Chris Demetral is a former actor who has lent his talent to numerous TV shows and movies. Some of his most memorable parts include those in the TV shows Dream On and The Secret Adventures of Jules Verne, along with the Disney film Blank Check.
Q: First off, may we dispel the rumor that you are in fact me?
CD: What fun would that be? People have obviously enjoyed pairing the two of us. I think in fact it's given you a bit of "street cred." Just kidding. I'm not sure what, if anything, being associated with me brings to your credibility. Hell, it may even be a negative.
Q: How did this rumor even start?
CD: Like all "fantastically accurate" rumors, on the internet. I believe it originates with a fan of mine somehow connecting the dots between us and then it spun off from there. In all honesty, it's been hilarious for both of us, so no harm no foul. People love spinning together theories. I think it helps combat the doldrums of ordinary life.
Q: So what have you been up to? It appears you just fell off the map.
CD: Isn't that remarkable that people always assume the worst of actors when we "disappear"? Maybe there have been too many bad E! specials or tragic news reports, but not all actors burn out in flames. Some of us choose to leave on good terms. Some of us prefer a quiet ending. There was no need to hold a "retirement press conference," as if I were a star athlete who sadly lost his stuff (acting ability does not atrophy, nor does it worsen with age). I was ready for new challenges and new pursuits. The draining and frankly toxic environment of L.A. had also worn thin.
Q: The industry can be brutal. A not so well known is the fact that you lost two friends in the business to tragic events.
CD: Chris Pettiet and Jonathan Brandis. I was deeply saddened by their deaths.
Chris was so easy going and one of the most truly genuine and humble actors I've ever met. I think about him often and miss him very much.
Jonathan was truly a free spirit. He was an amazingly funny and a very daring guy. He spoke his mind and made you laugh every time he did. I remember seeing him shortly before he passed and he seemed at such peace. His ending was so horrific, it defies words. I couldn't help but think that he was another shocking example of Hollywood devouring and then spitting out a truly talented person.
My heart and prayers go out to both of their families.
Q: So where are you working at now? I had read you wanted to head into directing or writing.
CD: If I were to reveal my profession, it would squelch all those neat rumors that I'm a P.E. Coach, or Call Center Manager, or bull rider, etc. That's no fun for anyone, plus IMDB would have revealed if I was directing. You might need to research your interviews better next time.
Q: Of all the work that you've done, what do people most often recognize you from?
CD: I'm not sure if I'm recognized the most for it, but it does seem everyone under the age of thirty has seen the movie Blank Check. For such an appallingly written and horribly acted (yes, I'll say my performance too) movie, it's amazing how popular it's become. When did it become mandatory viewing for all youngsters and who is the diabolical crafter of such a plan - Mengele? Stalin? Vlad the Impaler? Michael Bay?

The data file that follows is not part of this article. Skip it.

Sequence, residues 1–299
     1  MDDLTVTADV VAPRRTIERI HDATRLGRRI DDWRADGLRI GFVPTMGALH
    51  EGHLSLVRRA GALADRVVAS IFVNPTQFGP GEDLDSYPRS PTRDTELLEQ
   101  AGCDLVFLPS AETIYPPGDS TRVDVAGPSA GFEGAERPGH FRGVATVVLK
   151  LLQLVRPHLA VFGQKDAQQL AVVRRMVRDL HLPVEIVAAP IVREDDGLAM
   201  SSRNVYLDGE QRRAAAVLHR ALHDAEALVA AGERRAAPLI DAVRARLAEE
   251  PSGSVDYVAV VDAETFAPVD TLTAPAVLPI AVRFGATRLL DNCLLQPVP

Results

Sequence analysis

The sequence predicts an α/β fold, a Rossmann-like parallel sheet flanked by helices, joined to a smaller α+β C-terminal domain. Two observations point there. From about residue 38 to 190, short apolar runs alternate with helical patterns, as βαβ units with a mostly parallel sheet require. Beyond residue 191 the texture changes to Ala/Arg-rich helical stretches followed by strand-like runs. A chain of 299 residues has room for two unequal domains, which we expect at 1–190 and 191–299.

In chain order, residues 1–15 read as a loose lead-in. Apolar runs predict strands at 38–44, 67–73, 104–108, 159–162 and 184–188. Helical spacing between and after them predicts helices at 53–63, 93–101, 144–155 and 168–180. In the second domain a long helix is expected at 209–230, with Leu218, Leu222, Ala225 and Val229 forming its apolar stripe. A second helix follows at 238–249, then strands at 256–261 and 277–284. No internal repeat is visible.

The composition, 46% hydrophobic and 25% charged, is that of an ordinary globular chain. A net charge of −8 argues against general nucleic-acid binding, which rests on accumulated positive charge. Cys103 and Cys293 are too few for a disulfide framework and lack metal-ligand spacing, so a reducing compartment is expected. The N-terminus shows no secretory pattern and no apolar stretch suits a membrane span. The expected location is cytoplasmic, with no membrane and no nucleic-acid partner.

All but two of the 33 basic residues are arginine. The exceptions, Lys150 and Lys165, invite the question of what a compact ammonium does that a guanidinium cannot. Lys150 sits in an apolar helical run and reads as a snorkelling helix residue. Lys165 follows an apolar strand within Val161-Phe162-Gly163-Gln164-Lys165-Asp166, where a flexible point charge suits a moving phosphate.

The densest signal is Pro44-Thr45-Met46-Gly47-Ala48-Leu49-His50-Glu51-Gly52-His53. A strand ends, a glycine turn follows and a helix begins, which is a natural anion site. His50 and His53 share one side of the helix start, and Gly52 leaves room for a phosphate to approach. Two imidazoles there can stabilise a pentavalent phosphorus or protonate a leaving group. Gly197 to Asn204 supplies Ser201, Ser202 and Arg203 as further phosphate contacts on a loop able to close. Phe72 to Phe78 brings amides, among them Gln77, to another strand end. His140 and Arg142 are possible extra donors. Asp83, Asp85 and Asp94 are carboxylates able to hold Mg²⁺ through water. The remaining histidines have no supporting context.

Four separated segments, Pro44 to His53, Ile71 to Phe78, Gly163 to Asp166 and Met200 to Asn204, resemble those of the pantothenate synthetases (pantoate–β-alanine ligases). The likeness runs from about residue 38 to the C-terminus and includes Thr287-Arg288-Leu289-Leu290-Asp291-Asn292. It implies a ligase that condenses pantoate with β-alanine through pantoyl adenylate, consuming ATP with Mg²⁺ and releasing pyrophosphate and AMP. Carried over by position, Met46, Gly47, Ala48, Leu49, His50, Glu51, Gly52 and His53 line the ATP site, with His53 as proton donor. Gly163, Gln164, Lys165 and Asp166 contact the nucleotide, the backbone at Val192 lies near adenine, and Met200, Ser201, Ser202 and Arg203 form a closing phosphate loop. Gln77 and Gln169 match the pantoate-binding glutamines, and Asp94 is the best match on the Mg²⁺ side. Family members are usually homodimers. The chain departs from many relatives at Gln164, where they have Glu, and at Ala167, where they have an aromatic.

Q: I hear that you're quite the Lakers fan. If you were the GM of your beloved franchise for a day, what changes would you make?
CD: Trading Odom for Ron Artest would be a start. I'm not sure if Sacramento would even be willing to help out their hated So-Cal counterparts (even if it did mean dumping Kenny Thomas' bloated contract in the process).
I'll give you another one that might shock you: trade Kobe. He did everything in the Finals to dispel the thought that he could even whiff at Michael Jordan's greatness and frankly, he has too much mileage on his legs. I would look to trade him for another young and talented wing (Durant, Wade, Roy) with draft picks, naturally. Then I could watch as the next generation of Lakers coast their way in to continued greatness. Bynum, Gasol, and the new star could help L.A. stay at optimum levels for the next 5-8 years. But then again, Kobe has a "no trade," clause, so none of this will happen; unless they resign him to a new deal minus the "no trade."
Q: I've read that religion plays a big part in your life and you donate time to your church. Care to share what a spiritual life has meant to you?
CD: Is there anything more boring than hearing "celebrities" talk about their causes, political beliefs, etc? Yes, I'm blessed and fortunate to be a Christian. It's an honor and it has made a tremendous impact in all I do. I wish everyone the opportunity to experience the difference Christ can make in their lives; and now it's time to step down from the soapbox I never even wanted to stand on.
Q: If you could give aspiring actors and actresses one tip, what would it be?
CD: Always pursue your dreams, but be realistic with your timeframe. Too many aspiring actors have allowed themselves to live at borderline poverty levels while they wait for the role that will make them big. Sadly, if you haven't "made it" after a few years, your chances of success take a precipitous dip. For every "made it big after 10 years of trying," story, there are hundreds of "waiting tables at Jerry's Famous Deli while I eat Ramen noodles every night."
Q: Are there any parts that you turned down that you wished you hadn't?
CD: I know I had an excellent chance to be Doogie Howser, M.D and that might have radically changed my career in both good and bad ways (I could have been typecast, but it certainly didn't hurt Neil's career). I was already lucky enough to be on Dream On and I couldn't make the final round of casting because of scheduling difficulties. I have zero regrets. Everything has worked out wonderfully.
Q: We end all interviews with word association. I say wombat and you say...
CD: Incredibly funny inside joke that only people who know me would get.